Sunday, August 7, 2016

The Three-Body Problem by Cixin Liu, translated by Ken Liu

The Three-Body Problem
Cixin Liu
Translated by Ken Liu (Chinese)
Originally 2006, I read 2014 translation
415 pages, hard science fiction
Found: Barnes and Noble, West Chester, Ohio, USA

Caught up in the chaos of the Cultural Revolution, astrophysicist Ye Wenjie finds herself working for a secret government project after her father is brutally murdered for being an "intellectual." What should she do when she discovers the first sign of intelligent alien life?

In the present, Wang Miao is a researcher working on nanomaterials who is pulled into a secret government investigation of an international organization called the Frontiers of Science. Strange things begin happening - things that seemingly break the laws of physics. His one major lead is the online virtual reality game called Three Body, which seems to hold some of the answers he is searching for.

The scientific problem and the virtual world

Probably the most unique part of this book is the integration of virtual reality with the main storyline. While Wang Miao initially plays as part of the investigation, he soon becomes fascinated by the game for its own sake: it poses a complicated physics puzzle that appeals to his scientific mind.

Three Body is a world in which the climate is inconsistent: sometimes, during Stable Eras, it supports human (or alien) life; at other times, during Chaotic Eras, it is either too hot and dry or too frozen for life to exist. Stable and Chaotic Eras happen at unpredictable intervals: a Stable Era could last for millennia, or for just a few hours. During Chaotic Eras, the beings on this planet dehydrate - they become dry, inanimate matter that can survive the incredibly inhospitable climate – and then they rehydrate when a Stable Era comes again. The player’s task is to determine the reason for these major climatic shifts and how, if possible, they can be predicted.

Wang Miao is fascinated by this game, and I soon became fascinated as well. I am afraid I did not see the solution before Wang Miao explained it, but I did enjoy reading about (and vicariously playing) this video. Perhaps someone would like to make a real version? (Not that it would be as intriguing, since anyone has read the book would already know the answer.)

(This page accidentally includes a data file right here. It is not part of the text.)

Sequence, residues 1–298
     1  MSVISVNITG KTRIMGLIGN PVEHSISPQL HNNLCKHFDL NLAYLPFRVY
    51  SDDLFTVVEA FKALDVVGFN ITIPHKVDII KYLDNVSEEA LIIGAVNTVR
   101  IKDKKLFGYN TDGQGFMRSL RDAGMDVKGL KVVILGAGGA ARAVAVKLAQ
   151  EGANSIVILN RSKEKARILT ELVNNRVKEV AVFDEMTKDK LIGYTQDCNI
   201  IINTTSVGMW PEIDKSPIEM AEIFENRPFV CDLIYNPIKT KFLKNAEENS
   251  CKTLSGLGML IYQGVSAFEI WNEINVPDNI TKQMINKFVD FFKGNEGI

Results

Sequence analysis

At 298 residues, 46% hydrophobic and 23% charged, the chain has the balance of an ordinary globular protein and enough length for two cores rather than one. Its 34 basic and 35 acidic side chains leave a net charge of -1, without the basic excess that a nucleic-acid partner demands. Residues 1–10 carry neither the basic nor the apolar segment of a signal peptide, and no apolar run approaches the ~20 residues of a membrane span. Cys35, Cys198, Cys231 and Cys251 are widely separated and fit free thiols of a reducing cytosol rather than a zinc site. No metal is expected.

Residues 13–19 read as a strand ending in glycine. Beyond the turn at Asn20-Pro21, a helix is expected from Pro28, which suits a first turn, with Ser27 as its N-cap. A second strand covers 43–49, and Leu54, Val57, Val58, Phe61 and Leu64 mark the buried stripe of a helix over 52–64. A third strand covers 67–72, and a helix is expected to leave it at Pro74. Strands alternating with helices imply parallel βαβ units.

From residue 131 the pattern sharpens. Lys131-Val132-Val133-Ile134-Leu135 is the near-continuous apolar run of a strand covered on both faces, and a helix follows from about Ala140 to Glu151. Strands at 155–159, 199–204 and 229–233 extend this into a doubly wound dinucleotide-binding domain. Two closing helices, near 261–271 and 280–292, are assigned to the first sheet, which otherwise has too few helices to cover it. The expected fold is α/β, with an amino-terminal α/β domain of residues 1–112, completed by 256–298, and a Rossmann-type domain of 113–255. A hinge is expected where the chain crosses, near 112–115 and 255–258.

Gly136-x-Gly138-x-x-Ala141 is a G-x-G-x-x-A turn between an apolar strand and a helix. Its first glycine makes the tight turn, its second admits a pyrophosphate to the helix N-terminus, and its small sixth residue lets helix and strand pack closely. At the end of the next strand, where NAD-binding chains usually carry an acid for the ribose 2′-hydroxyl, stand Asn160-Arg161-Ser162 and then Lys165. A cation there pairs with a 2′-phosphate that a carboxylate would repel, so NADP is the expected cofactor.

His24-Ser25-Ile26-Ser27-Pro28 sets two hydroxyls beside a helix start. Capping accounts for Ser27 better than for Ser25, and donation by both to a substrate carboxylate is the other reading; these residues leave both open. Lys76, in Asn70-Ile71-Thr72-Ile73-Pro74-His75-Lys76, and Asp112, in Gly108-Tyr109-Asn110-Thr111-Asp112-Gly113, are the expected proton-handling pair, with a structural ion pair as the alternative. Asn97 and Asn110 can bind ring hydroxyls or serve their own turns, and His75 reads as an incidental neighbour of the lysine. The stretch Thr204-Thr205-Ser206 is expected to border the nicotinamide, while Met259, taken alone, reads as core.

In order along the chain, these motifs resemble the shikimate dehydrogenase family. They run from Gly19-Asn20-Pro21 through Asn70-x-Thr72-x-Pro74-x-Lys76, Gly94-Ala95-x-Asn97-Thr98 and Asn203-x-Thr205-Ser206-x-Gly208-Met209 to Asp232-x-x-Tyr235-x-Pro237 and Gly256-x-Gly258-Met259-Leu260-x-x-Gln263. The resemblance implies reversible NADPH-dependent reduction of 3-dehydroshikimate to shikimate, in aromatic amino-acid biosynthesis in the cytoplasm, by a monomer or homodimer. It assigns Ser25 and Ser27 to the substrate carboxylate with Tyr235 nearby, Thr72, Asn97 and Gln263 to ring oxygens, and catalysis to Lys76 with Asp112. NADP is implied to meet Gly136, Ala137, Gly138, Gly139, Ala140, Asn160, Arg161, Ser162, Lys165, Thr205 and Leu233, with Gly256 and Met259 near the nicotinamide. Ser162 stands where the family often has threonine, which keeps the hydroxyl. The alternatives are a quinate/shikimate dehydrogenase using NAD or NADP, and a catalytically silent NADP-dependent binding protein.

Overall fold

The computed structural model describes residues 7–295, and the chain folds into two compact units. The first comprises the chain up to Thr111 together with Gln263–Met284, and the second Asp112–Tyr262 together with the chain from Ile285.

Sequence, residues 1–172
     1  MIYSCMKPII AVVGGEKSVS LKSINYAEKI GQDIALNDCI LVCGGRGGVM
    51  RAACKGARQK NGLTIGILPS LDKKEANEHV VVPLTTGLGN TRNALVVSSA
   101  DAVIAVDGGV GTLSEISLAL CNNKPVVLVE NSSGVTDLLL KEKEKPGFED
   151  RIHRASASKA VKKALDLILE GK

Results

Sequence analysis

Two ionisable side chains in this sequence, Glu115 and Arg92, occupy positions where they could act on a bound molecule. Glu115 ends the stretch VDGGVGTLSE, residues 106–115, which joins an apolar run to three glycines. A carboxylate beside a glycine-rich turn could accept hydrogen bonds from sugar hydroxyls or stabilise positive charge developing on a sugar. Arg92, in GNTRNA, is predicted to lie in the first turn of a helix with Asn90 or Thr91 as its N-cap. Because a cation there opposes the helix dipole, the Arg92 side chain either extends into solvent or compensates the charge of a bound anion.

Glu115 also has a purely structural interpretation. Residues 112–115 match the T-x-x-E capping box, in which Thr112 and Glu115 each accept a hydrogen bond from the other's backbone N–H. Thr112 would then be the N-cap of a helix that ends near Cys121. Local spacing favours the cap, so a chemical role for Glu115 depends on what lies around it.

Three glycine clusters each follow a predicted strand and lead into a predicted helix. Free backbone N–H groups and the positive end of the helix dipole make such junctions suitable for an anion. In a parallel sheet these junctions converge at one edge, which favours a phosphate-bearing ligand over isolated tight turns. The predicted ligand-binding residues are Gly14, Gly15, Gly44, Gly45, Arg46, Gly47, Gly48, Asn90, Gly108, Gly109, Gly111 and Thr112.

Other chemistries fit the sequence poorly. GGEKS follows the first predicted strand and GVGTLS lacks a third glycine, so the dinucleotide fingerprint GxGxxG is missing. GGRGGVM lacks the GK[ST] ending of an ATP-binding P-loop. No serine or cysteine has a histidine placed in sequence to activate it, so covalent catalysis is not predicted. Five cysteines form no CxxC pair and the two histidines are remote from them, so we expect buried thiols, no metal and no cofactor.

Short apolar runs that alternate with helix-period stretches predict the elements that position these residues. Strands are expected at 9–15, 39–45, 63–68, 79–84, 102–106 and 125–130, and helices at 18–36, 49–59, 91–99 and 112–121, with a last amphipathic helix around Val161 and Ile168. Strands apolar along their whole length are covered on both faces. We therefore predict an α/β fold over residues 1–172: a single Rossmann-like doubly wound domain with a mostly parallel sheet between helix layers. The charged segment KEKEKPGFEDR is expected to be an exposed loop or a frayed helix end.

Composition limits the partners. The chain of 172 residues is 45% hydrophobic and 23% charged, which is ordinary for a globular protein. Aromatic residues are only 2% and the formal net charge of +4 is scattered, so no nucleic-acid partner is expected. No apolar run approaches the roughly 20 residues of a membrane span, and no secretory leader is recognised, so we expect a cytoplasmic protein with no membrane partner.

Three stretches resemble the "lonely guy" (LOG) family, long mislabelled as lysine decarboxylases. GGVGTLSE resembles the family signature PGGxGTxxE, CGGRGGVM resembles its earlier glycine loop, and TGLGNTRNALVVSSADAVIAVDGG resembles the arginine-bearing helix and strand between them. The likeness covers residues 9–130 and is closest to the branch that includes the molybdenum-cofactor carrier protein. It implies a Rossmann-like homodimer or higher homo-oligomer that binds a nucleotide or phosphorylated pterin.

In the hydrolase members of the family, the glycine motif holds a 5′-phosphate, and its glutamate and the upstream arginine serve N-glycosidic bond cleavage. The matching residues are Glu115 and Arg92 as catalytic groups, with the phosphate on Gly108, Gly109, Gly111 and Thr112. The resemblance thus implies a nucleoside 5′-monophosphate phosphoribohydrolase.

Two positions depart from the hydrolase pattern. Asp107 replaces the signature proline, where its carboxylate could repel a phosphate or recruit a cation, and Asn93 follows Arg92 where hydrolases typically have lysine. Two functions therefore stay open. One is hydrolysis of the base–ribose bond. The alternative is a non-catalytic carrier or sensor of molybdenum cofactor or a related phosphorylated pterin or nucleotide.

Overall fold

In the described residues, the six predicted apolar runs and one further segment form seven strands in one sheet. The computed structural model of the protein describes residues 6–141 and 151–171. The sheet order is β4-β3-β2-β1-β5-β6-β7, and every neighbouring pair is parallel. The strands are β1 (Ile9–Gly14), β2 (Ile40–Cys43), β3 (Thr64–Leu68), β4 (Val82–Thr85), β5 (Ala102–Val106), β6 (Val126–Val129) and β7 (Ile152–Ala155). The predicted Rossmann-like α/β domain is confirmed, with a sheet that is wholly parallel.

Despite the effusive praise that this book has received, I did not like it as much as I expected. There is one major reason for this: the writing seemed very masculine, by which I mean it resembled the attitude of early science fiction writers (such as Isaac Asimov) toward women. And while I can sometimes give Asimov and Bradbury a pass since they wrote in the 1950s, I expect more from a book written in 2006. Unless there's something about the Chinese attitude toward women that I don't know about?

Although one of the major characters, Ye Wenjie, is a woman, she is not depicted as someone who can reason logically – despite her advanced skills in physics and mathematics. When she makes the most important decision of her life, (highlight to reveal spoilers) to ask  aliens to take over the earth,  she does not think through the possible implications of her actions. In fact, she requires someone else (a presumably male interrogator) to point out that her logic is flawed and unscientific. And when this happens she becomes speechless. The most complex and interesting female character in this novel is silenced by her stupidity, which must be demonstrated to her by a man.

The other female characters are either a) not treated as if they are important or b) are removed from the story as soon as possible. Wang Miao’s wife, for example, is a typical housewife and appears in only one scene. She is not even included in the List of Characters. Two more female characters (Yang Dong and Shen Yufei) are killed off; Yang Dong dies before the reader can even meet her. These deaths seem to be for the sole purpose of encouraging Wang Miao in his investigation. Yet again, the women are only there for the benefit of the character development of a man.

Translation and the Hugo

I am glad that translated speculative fiction has become mainstream enough that this novel was both published by the major SFF publisher Tor and also won the Hugo Award. However, the treatment of female characters in this novel left a lot to be desired, and I can only hope that more inclusive writers will also be translated soon.  It would be particularly wonderful if some women writers of speculative fiction were translated as well. (EDIT: Ken Liu has translated a whole collection of short Chinese SF, which will be released by Tor in November 2016. Read about it here.)

Overall, I thought this novel was a decent read if you enjoy Asimov and other examples of old-style Hard Science Fiction. Will I read the rest of this trilogy? I have not yet decided. However, I do hope that the success of this book will lead to more translations of speculative fiction.

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